“Method: A multiphase cultural adaptation following the ADAPT-ITT model is underway which includes adapting the handbook into six engaging videos for Spanish-speaking parents of new college students—two of which have already been filmed. Nine parents of Spanish-speaking college students took part in online interviews where they watched two video modules and provided feedback. We are employing an inductive, thematic analyses to analyze these data. 

“Results: Overarching themes identified in preliminary findings include distance is difficult and letting go is hard for Latinx parents of college students. Latinx parents try to encourage autonomy for their college students, but also find that cultural factors and shifting parent roles make it challenging to let go of their college students. However, learning about first-hand accounts from other Latinx families, clarifying expectations prior to students leaving for college, and ongoing communication with their college students may help ameliorate these challenges. 

“Conclusion: Having a roadmap for Latinx parents as they navigate their children going to college is useful. Parents found the cultural adaptation of this parenting handbook intervention was helpful to see that they are not losing their student but students are coming back home with a broader perspective of the world.”

Criminal Justice Study Abroad in London

Spring break 2023

University of Idaho student Esteban Ayllon (front row, second from left) and Washington State University student Neil Markert (front row, second from right) attempt to follow along on a marching drill with the Hammersmith and Fulham Police Youth Cadets on March 14th, 2024.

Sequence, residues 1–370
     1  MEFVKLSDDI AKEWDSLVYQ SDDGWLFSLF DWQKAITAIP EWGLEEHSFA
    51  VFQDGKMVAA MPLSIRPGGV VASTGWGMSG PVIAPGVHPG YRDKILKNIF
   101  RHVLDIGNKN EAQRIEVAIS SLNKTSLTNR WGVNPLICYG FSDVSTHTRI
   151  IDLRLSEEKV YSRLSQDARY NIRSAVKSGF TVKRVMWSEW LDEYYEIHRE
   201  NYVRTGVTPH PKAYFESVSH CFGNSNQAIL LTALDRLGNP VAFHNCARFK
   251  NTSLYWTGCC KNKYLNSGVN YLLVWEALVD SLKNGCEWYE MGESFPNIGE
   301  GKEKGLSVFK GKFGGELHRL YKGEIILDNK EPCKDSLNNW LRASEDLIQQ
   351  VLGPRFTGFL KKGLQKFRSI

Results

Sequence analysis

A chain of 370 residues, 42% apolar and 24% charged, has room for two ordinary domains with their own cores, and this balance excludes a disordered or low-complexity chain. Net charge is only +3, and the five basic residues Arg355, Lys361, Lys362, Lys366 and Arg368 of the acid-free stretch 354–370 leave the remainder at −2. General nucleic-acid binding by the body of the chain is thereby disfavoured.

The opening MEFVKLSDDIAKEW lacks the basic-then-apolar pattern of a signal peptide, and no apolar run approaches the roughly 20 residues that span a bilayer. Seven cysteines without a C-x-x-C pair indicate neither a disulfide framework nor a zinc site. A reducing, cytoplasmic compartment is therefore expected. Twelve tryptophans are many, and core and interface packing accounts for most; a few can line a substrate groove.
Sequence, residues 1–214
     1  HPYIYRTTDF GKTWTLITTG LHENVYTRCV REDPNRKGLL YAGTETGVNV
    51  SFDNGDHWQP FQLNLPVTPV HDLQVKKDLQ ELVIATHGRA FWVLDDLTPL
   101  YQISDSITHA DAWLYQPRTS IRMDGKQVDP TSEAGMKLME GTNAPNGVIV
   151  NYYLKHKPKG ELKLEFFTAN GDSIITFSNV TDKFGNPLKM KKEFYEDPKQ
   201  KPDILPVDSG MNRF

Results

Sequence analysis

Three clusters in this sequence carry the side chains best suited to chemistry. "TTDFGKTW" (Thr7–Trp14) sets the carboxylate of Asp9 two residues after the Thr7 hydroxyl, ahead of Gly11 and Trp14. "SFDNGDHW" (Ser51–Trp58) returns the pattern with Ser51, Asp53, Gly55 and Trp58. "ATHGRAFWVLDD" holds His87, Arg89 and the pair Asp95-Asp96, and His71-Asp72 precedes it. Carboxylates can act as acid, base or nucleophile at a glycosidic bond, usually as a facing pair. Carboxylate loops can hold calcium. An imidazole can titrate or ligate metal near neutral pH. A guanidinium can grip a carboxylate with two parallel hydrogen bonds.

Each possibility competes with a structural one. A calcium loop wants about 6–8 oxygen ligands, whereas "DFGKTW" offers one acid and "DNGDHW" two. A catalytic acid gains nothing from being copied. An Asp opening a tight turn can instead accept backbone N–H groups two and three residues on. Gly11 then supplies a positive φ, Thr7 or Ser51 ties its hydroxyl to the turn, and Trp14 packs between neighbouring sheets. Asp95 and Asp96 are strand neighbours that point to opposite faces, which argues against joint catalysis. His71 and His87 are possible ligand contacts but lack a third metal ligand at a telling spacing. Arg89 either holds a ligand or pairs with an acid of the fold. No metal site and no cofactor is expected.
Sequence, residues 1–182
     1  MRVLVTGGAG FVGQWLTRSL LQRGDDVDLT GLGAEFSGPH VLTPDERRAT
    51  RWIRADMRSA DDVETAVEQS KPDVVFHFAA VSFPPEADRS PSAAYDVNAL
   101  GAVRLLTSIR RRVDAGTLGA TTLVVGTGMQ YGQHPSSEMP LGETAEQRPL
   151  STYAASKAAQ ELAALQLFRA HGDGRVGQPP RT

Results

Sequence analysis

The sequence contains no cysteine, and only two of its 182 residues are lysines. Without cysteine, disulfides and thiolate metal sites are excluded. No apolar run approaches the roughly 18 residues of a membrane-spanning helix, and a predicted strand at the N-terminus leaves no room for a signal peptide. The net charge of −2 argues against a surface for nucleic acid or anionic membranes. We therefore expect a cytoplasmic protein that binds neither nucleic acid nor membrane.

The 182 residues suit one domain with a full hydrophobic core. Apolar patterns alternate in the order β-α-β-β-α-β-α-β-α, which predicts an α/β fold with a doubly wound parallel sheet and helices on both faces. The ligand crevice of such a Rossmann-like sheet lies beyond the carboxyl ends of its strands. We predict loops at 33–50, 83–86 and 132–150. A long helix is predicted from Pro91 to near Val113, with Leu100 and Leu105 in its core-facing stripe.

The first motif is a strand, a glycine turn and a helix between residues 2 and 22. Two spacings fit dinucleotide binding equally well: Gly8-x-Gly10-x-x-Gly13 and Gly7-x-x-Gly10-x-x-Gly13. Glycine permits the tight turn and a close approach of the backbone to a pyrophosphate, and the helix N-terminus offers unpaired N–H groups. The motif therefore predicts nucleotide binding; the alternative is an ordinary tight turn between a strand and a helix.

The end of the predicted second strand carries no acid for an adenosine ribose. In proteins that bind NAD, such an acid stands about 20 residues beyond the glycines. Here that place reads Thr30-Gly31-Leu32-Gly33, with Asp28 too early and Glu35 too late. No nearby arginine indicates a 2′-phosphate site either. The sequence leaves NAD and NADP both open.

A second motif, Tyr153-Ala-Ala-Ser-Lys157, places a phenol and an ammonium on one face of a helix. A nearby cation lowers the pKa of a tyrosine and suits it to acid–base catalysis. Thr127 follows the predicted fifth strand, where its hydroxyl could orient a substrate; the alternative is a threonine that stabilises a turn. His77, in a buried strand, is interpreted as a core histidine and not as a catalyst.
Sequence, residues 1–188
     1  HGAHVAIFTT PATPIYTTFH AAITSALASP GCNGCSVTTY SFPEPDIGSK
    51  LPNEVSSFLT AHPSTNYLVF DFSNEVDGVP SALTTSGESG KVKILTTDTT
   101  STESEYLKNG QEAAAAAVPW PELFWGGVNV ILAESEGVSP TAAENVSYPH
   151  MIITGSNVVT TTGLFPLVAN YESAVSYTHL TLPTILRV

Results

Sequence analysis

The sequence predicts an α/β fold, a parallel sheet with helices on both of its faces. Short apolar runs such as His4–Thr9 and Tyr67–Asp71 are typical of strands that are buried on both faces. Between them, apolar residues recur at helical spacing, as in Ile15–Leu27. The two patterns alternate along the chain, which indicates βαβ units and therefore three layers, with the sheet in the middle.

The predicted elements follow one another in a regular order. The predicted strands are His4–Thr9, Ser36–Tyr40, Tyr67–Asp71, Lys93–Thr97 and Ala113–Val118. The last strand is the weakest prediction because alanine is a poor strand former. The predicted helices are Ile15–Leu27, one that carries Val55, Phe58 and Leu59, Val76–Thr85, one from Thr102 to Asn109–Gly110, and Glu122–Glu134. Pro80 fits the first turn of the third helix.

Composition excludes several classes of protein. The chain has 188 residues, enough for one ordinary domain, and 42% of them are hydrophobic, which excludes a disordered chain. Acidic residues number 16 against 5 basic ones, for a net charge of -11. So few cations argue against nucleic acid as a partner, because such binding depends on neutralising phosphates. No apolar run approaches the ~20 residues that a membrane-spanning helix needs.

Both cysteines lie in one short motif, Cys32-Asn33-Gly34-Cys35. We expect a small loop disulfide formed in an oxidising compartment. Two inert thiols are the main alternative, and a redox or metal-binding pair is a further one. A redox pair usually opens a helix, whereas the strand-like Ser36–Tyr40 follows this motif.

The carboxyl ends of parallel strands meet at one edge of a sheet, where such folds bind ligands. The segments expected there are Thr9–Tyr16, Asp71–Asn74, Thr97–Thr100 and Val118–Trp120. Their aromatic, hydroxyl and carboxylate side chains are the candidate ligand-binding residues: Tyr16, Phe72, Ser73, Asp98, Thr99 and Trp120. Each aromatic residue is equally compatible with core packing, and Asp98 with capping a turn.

University of Idaho student Esteban Ayllon (front row, second from left) and WSU student Neil Markert (front row, second from right) attempt to follow along on a marching drill with the Hammersmith and Fulham Police Youth Cadets.

After a successful Summer 2022 program in The Netherlands, the WSU Criminal Justice Study Abroad was back to its pre-pandemic Spring Break schedule this spring. From March 11 through 19, thirteen WSU undergraduates, along with some University of Idaho (UI) students, traveled to London for the seventh iteration of our innovative short-term faculty-led program. During their seven days in London, Prof. Melanie-Angela Neuilly led students through visits to coroner’s, magistrates, and Crown courts, a Police Youth Cadet diversion program, a homicide and major investigation team from the London Metropolitan Police, and the high security Broadmoor mental health hospital, among other things. The program is a graded 3-credit, semester-long course during which students learn about the basics of comparative criminal justice, the British system, and larger political and historical landscapes, and prepare for the week spent in London alongside their counterparts at UI. The course culminates with a research paper investigating a topic of interest with regard to British criminal justice issues and how the experiential learning opportunity contributed to students’ understanding of the issue.